CommonWealth Economic Forum
The SoLoMo Era is Here!
Face to face: Rose Tsou of Yahoo Asia-Pacific and Charles Chao of Sina Corp. consider the digital future.
The SoLoMo Era is Here!By Margaret Pai
From CommonWealth Magazine (vol. 492 )
At the just-concluded CommonWealth Economic Forum, the heads of the two largest Internet companies in the Chinese-speaking world swapped opinions and answered tough questions from netizens.
Rose Tsou, senior vice president of Yahoo Asia-Pacific, may be petite in stature, but she is a contagious orator, speaking with passion and authority. Tsou keeps her finger on the pulse of the digital revolution in New Zealand, Australia, Japan, South Korea and other Asia-Pacific markets.
At the forum, she came face to face with Charles Chao, president and CEO of China's largest online media company Sina Corp., whose every move is closely watched in the industry. The Sina Weibo microblogging site, which boasts more than 200 million users, has already changed the way Chinese people express their opinions.
As the two Internet movers and shakers exchanged opinions, offering some new insights for the attentive audience, Internet users were able to field challenging questions in real time as the event was broadcast live online. One on-line participant wanted to know what Tsou thought about the competition Yahoo's Chinese-language shopping website was receiving from its rival in the China market, Taobao.
Tsou admitted that Taobao was a contender to watch, given that it also enjoys a price advantage. Taobao has solved the problems in its money transfer system, and now only lags behind Yahoo in terms of logistics, she noted. Whether Taiwanese companies will be able to take advantage of Taobao to expand into the Chinese market is yet unknown.
At the conference, Shenan Chuang, CEO of Ogilvy & Mather Greater China, sought Chao's opinion, asking, "Will advertisement agencies like Ogilvy & Mather become obsolete in the digital age?"
Responding unhurriedly, Chao predicted: "The role of advertising agencies will change. With an increasing diversity of virtual communities and channels, advertising agencies need to provide suggestions and services for integration."
The two speakers also outlined the major trends in digital technology waiting in the unknown offing, with the arrival of the SoLoMo ("social, local, mobile") revolution – in which social media, localized applications and mobile devices have begun to converge.
Tsou pointed out that one third of the global population has Internet access. Heavy Internet users in Taiwan spend an average of four hours per day on Facebook and two hours playing online games or watching online TV programs, she said. Within three years more people will go online via mobile devices than those accessing the Internet from personal computers.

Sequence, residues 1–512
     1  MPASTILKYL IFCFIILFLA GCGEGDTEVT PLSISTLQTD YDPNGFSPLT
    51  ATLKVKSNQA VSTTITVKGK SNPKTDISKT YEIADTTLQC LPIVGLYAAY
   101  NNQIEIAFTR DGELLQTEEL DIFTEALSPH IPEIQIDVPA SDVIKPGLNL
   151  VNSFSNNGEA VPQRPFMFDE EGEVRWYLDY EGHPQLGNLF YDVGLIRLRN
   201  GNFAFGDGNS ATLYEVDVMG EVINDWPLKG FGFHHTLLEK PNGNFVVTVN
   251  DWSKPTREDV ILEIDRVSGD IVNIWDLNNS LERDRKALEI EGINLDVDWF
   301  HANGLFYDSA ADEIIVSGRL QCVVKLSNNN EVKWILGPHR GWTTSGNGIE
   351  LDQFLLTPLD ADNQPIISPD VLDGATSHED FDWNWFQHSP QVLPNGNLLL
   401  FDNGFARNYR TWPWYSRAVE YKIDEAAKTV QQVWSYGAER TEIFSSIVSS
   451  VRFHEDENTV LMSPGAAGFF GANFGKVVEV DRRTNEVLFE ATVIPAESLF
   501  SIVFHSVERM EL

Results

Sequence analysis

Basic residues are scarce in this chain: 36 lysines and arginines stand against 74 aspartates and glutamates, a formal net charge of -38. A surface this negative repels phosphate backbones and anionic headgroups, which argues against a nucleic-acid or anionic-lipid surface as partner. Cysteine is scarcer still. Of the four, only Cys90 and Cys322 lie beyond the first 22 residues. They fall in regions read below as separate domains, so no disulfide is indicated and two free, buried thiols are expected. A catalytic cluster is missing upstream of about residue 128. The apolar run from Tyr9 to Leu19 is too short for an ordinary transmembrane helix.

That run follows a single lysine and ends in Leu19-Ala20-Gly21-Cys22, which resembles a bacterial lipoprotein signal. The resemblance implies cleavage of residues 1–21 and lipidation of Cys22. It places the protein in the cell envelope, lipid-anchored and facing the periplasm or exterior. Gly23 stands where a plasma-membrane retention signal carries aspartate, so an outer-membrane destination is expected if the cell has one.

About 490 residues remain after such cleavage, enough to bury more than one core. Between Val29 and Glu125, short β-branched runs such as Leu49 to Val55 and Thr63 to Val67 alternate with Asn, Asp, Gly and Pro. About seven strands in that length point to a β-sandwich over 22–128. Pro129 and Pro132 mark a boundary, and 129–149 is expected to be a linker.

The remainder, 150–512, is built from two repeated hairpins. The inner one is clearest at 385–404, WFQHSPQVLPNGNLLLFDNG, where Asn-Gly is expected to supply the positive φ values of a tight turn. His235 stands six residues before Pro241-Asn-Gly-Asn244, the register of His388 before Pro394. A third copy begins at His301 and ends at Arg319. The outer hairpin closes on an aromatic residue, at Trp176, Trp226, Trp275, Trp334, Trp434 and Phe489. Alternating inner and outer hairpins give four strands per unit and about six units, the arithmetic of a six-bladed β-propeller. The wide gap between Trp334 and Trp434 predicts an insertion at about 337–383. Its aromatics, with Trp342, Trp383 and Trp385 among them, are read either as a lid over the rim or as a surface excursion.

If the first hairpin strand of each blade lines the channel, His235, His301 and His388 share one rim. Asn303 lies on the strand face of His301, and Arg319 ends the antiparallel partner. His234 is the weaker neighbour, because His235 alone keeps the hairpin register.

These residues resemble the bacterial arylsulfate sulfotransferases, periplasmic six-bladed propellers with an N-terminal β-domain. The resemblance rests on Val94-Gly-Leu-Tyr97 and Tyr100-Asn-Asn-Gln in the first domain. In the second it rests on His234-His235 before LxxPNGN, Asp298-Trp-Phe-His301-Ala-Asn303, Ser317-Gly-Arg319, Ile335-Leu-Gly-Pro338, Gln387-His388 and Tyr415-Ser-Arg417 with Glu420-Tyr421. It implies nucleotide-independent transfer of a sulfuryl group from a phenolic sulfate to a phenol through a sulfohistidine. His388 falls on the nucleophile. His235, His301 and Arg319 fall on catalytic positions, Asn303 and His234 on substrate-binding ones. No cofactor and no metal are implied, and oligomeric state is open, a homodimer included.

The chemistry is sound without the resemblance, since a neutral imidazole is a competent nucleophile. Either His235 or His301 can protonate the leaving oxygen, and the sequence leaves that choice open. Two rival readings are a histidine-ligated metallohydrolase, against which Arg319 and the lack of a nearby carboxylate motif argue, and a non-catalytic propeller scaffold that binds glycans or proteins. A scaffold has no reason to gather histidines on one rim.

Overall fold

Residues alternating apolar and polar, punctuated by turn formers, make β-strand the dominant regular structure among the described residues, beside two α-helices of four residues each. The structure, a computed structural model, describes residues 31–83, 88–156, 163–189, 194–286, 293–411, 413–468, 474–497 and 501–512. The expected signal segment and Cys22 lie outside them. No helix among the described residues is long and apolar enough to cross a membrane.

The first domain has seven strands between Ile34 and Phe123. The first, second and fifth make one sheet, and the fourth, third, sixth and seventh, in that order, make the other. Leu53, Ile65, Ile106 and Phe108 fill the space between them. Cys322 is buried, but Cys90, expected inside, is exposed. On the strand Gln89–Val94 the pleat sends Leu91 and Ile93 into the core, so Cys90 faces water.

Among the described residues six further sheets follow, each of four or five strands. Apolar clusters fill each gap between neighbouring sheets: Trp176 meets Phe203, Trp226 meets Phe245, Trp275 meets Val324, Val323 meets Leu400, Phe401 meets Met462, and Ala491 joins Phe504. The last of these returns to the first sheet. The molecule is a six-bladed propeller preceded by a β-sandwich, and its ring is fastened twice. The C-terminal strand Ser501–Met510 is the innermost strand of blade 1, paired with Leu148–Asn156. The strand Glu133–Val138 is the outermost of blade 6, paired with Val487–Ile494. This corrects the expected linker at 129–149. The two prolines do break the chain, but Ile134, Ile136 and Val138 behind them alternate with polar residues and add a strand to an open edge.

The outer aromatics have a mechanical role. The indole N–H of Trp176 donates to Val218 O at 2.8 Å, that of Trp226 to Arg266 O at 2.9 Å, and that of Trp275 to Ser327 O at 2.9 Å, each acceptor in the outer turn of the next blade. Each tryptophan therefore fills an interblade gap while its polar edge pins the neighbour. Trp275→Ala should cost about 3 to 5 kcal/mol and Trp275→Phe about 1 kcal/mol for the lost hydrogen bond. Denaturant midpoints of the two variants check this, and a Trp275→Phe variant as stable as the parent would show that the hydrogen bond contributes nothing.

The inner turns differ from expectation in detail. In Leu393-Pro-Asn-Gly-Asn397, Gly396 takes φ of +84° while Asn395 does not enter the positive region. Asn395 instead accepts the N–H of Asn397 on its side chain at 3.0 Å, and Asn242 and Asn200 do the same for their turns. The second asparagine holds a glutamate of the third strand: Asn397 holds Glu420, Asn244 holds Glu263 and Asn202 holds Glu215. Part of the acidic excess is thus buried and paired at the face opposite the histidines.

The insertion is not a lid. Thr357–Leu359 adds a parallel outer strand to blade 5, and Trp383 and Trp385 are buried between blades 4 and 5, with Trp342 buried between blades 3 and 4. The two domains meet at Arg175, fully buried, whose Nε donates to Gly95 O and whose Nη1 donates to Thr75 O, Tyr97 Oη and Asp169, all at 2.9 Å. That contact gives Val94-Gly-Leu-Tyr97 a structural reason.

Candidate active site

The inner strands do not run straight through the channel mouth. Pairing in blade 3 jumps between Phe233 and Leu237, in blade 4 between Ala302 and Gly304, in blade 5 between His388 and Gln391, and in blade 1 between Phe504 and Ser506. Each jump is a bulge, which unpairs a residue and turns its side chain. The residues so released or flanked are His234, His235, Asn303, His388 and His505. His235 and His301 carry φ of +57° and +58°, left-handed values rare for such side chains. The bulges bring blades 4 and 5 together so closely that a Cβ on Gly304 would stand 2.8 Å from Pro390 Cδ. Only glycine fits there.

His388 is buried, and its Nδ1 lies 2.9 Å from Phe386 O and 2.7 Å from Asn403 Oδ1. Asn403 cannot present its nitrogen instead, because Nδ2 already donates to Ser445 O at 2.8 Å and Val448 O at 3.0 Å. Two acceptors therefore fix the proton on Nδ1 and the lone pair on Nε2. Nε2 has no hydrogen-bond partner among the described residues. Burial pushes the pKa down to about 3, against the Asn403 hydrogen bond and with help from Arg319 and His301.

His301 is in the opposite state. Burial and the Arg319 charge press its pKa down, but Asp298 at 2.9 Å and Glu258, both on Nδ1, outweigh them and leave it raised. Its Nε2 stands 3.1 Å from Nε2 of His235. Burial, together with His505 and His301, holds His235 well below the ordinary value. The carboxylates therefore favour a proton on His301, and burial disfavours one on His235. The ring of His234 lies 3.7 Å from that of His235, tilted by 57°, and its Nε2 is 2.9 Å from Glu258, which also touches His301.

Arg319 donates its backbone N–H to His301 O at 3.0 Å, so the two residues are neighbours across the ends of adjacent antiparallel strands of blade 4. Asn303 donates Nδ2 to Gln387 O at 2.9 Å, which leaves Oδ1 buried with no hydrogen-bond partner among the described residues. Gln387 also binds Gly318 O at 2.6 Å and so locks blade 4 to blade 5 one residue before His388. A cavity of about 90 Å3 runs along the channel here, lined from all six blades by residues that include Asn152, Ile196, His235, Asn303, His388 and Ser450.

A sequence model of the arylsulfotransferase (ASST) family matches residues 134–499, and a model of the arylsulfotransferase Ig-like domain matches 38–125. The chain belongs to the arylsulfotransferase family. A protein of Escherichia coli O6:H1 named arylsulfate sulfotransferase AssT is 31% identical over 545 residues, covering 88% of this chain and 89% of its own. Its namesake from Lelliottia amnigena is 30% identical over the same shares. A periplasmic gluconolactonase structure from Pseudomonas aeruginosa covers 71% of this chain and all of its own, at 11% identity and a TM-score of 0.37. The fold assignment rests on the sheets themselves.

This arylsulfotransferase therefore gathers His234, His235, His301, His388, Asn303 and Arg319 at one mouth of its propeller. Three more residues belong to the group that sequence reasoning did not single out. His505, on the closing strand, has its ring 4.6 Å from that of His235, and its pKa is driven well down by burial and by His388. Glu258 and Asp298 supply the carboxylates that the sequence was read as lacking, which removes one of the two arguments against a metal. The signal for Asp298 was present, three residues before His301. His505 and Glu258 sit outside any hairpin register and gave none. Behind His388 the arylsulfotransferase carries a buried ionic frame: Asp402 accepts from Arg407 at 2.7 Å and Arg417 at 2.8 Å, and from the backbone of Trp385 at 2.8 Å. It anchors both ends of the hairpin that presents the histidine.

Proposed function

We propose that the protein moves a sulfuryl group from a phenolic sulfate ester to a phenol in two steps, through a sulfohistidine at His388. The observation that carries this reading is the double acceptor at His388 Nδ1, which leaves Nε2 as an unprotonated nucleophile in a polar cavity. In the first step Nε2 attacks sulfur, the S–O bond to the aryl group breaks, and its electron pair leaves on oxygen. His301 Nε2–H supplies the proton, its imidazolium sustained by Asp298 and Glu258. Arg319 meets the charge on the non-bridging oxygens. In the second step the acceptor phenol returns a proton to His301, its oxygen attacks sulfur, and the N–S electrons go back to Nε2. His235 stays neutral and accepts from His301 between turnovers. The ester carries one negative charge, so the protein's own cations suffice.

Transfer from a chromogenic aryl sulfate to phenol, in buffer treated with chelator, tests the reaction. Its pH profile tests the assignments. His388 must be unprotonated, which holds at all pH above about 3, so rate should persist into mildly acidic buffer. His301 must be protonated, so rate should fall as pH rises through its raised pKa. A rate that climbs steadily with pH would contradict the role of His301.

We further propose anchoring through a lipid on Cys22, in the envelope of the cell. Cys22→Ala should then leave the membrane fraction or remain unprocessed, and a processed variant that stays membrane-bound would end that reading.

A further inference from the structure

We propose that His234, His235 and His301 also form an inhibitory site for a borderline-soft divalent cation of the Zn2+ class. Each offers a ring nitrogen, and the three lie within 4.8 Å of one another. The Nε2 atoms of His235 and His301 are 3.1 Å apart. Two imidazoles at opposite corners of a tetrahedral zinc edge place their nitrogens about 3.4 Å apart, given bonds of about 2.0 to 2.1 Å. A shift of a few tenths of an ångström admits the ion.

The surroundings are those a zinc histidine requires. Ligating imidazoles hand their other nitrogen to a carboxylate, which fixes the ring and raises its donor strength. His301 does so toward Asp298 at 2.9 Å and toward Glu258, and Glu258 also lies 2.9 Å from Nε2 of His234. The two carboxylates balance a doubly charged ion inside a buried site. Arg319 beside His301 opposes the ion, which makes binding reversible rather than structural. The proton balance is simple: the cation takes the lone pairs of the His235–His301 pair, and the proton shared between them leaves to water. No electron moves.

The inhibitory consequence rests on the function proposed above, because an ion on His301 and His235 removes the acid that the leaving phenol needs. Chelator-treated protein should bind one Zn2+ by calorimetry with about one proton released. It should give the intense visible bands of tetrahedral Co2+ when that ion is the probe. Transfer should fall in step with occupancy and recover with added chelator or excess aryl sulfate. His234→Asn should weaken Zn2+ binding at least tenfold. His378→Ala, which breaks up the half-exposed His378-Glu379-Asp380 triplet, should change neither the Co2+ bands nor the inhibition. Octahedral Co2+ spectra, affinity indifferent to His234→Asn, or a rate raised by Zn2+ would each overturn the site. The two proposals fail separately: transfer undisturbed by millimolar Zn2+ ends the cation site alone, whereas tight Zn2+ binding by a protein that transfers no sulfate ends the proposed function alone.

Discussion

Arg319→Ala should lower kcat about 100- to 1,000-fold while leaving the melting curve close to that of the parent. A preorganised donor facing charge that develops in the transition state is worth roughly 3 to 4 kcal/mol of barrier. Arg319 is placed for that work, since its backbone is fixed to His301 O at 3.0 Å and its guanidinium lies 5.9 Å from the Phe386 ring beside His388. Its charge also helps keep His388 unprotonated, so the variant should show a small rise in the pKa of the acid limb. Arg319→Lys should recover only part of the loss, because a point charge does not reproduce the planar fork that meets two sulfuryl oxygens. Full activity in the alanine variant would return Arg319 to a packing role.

"In the future, all websites will be social ones, and all social networking will take place on mobile devices," Tsou predicted.
So where are the business opportunities?
Tsou believes the Internet contains an abundance of valuable information about potential customers. "Whoever can understand their customers will be the ultimate winner," she noted. Tsou pointed to Taiwanese budget clothing online vendor Lativ, whose annual sales soared to NT$4 billion last year, because it was able to precisely pinpoint its online marketing.
Chao also noted that with social media, businesses for the first time can directly communicate with their customers. The number of corporate users of Sina Weibo is expected to reach one million this year.
"If you have content that clearly targets your customers or their communities, you will be able to win trusted recommendations (from social networks)," Chao explained.
Although the digital age has brought many changes, one thing remains unchanged: good content is imperative. Citing an example, Tsou pointed to the popular Taiwanese variety show Here Comes Kangxi, which generates NT$100 million per year from a broadcasting license contract with Chinese video website Tudou. Chao also noted that Weibo has signed the highest broadcasting license contract in Chinese history with the U.S. National Basketball Association (NBA).
As the forum came to a close, Tsou and Chao exchanged their cell phone numbers, pledging to stay in contact.
Translated from the Chinese by Susanne Ganz